Neuman has pleaded not guilty by reason of insanity.  His defense claims he and Andrea Sneiderman were involved in a hot-and-cold affair when she worked for him at General Electric. Sneiderman denies any affair.

Neither the defense nor the prosecution denies that Neuman pulled the trigger and killed Sneiderman, but they tell divergent stories of what led to the killing.

Neuman's defense attorney, Doug Peters, said in his opening statements that Neuman believed he had been visited by an angel resembling Olivia Newton-John and a demon resembling Barry White, who told him that Sneiderman's children were Neuman's and that he needed to protect them by killing Rusty Sneiderman.

The prosecution painted Neuman as a calculating killer who planned Sneiderman's shooting for months -- going to gun shows, taking a gun safety course, going to target practice, renting a car for the shooting and wearing a disguise.

Sneiderman told the court that after Neuman read her a poem at dinner during a business trip, she realized that, "he had deeper feelings for me than just friends."

"None of those feelings were ever returned and I made myself completely clear where I stood," Sneiderman said. "I did nothing but try to help Hemy Neuman -- suggested he get counseling in his marriage, not move out of his home.  I would do that for any friend."

"I remember walking out of that dinner like we were best buddies," she said. "It was a masterful manipulation."

Copyright 2012 ABC News Radio

Thursday
Feb232012

Cop Charged With Stealing from Office Refrigerator

Brand X Pictures/Thinkstock(HOUSTON) -- A Houston area cop nabbed in a sting operation will be in court Thursday to face theft charges -- for stealing from the office fridge.

Kevin Yang, an officer in Deer Park, Texas, was busted after complaints that lunches, drinks and 60 pounds of deer sausage had disappeared from the officers' shared fridge started piling on the desk of his boss, Deer Park Police Chief Greg Griggs, ABC News affiliate KTRK reported.

Griggs approved a sting operation, setting up a hidden camera above the fridge and filling it with bait food -- Monster energy drinks and sandwiches -- in order to nab the lunch leech.

According to police, the video, released to the public by the department, caught Yang in the act pulling one of the unopened Monster energy drinks, clearly marked with the initials of one of the department's detectives, out of the break room refrigerator on Nov. 19.

When confronted with the evidence, Yang told investigators he was cleaning the office fridge.

Yang was allegedly caught again on camera Nov. 22 taking a sandwich, again marked with a detective's initials, and then again on Nov. 26 and Nov. 27, each time pulling out a drink marked with initials not his own, police said.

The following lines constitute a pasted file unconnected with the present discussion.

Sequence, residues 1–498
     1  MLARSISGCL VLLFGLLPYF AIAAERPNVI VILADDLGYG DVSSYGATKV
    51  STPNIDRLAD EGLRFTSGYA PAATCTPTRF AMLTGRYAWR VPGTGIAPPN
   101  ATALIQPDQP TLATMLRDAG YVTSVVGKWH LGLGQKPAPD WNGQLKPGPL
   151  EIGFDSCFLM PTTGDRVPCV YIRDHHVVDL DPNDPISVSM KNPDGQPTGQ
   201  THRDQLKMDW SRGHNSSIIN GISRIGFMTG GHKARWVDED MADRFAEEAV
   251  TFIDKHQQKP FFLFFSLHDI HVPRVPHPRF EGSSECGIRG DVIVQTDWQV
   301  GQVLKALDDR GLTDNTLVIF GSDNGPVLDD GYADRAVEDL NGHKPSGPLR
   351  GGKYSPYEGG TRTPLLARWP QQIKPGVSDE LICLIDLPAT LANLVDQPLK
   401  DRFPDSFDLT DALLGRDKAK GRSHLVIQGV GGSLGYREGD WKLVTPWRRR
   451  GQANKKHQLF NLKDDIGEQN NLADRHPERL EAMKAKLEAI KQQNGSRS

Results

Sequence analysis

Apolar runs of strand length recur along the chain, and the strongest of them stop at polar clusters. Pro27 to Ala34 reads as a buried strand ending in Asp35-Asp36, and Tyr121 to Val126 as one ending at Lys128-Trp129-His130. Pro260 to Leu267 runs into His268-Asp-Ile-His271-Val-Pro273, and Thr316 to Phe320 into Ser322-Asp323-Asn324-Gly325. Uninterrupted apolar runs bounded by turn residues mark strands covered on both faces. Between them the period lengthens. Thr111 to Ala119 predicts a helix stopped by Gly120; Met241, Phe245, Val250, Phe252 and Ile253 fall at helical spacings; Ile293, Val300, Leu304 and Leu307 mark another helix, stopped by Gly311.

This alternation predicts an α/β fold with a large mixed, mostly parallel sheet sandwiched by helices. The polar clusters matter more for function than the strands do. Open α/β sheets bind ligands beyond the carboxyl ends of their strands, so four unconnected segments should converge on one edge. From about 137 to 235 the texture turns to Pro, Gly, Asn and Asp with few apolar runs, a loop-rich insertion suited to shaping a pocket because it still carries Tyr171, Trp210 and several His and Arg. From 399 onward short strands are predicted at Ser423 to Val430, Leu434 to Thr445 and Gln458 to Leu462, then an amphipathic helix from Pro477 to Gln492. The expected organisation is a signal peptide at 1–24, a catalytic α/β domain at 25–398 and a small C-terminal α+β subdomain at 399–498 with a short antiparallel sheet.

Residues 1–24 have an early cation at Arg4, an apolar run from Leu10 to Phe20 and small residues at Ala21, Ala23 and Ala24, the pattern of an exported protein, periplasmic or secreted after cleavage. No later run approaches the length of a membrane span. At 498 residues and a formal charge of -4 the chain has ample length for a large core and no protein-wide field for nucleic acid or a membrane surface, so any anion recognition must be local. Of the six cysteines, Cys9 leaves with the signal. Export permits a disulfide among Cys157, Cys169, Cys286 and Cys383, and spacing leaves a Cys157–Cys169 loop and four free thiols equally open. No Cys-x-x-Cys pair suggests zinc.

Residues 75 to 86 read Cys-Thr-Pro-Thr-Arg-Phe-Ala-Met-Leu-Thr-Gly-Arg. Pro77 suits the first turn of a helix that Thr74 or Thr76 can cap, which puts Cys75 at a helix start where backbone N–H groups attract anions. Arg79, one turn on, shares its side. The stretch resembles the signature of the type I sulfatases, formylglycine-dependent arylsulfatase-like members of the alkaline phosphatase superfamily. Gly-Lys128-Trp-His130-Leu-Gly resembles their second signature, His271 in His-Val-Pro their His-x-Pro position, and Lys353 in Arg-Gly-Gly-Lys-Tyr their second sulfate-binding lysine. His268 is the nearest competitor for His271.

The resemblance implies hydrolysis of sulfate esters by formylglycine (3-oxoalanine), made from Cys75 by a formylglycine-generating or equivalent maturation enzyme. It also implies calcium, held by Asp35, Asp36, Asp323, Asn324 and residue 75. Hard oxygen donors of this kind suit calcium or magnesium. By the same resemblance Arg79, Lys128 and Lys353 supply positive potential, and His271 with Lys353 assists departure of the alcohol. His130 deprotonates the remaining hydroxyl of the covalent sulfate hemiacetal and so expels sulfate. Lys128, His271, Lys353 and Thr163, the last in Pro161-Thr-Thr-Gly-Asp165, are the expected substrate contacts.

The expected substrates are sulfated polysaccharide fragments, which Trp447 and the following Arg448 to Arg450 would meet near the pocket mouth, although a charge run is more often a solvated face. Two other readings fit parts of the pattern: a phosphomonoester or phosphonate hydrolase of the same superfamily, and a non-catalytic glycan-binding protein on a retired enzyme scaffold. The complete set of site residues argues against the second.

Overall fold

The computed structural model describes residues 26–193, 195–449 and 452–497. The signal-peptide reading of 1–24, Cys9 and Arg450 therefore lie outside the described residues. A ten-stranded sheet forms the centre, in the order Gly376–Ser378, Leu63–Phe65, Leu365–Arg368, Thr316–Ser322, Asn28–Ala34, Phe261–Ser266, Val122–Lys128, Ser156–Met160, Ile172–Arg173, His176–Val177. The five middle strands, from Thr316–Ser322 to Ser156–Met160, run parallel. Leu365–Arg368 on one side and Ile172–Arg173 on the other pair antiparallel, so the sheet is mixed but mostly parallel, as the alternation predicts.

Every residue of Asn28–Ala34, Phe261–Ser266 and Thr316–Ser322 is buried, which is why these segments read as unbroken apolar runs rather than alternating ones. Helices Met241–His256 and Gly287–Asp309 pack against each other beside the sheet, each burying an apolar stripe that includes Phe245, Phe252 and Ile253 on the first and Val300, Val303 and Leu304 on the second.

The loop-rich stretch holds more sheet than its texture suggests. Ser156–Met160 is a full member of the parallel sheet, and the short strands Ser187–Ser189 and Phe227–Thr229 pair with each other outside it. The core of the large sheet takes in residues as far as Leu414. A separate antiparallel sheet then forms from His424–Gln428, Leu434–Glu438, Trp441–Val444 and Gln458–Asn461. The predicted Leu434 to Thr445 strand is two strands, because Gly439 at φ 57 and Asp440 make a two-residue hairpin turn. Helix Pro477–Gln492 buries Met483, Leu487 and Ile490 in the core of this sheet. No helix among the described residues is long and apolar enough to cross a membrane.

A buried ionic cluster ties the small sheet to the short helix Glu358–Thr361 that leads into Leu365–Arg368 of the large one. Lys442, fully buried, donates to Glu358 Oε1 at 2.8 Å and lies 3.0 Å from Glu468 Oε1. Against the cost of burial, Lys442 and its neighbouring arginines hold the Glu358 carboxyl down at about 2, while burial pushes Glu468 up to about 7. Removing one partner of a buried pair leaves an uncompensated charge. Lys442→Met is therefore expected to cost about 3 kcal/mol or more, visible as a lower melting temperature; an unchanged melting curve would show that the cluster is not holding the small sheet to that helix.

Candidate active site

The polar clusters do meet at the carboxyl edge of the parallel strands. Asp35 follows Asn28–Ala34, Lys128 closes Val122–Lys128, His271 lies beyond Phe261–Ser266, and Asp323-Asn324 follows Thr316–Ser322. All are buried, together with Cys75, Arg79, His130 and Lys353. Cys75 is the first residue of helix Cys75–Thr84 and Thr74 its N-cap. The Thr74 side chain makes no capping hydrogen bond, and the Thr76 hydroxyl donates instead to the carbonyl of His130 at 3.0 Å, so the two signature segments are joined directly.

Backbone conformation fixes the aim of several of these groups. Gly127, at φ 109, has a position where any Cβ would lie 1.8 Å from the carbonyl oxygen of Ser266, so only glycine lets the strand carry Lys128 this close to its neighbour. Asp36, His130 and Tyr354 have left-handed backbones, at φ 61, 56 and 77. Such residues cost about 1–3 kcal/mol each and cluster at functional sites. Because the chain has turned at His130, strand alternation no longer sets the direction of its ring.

In addition to the misdemeanor charge of theft, Yang was hit with a 30-day unpaid suspension that began on Tuesday and could cost him as much as $4,500 in lost wages. He will be able to return to work as an officer because the charge is below a class B offense.

Copyright 2012 ABC News Radio

Thursday
Feb232012

Accused ‘WikiLeaker’ Bradley Manning Facing Arraignment

Mark Wilson/Getty ImagesUPDATE: Private First Class Bradley Manning, accused of having provided hundreds of thousands of classified military documents and State Department cables to WikiLeaks, deferred entering a plea at his arraignment Thursday.

(FORT MEADE, Md.) -- Accused “WikiLeaker” Bradley Manning’s arraignment is set to get underway Thursday in Maryland.

The formal presentation of charges comes after December’s week-long, pre-trial hearing in which the investigating officer who presided recommended that Manning face a military court, which was approved by Army Maj. Gen. Michael Linnington of the Military District of Washington.

Pfc. Manning is accused of providing online publisher WikiLeaks with hundreds of thousands of classified military action reports from Iraq and Afghanistan, as well as 260,000 classified State Department cables when he served as an Army intelligence analyst in Baghdad in late 2009 to early 2010.

Manning will hear the 22 charges against him, including aiding the enemy, wrongfully causing intelligence to be published on the Internet knowing that it is accessible to the enemy, stealing public property or records, and transmitting defense information.

His lawyers have said he was a troubled soldier who should have never been given access to classified information.